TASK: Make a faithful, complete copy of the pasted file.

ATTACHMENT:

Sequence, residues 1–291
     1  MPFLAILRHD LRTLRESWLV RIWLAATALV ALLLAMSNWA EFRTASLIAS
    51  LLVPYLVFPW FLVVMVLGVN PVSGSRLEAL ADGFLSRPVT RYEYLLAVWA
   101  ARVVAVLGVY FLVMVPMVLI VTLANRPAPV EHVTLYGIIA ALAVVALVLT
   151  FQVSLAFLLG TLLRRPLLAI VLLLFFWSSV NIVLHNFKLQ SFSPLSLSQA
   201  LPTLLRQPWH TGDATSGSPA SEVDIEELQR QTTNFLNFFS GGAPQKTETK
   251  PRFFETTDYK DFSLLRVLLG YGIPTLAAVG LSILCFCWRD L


Sequence, residues 1–291
     1  MPFLAILRHD LRTLRESWLV RIWLAATALV ALLLAMSNWA EFRTASLIAS
    51  LLVPYLVFPW FLVVMVLGVN PVSGSRLEAL ADGFLSRPVT RYEYLLAVWA
   101  ARVVAVLGVY FLVMVPMVLI VTLANRPAPV EHVTLYGIIA ALAVVALVLT
   151  FQVSLAFLLG TLLRRPLLAI VLLLFFWSSV NIVLHNFKLQ SFSPLSLSQA
   201  LPTLLRQPWH TGDATSGSPA SEVDIEELQR QTTNFLNFFS GGAPQKTETK
   251  PRFFETTDYK DFSLLRVLLG YGIPTLAAVG LSILCFCWRD L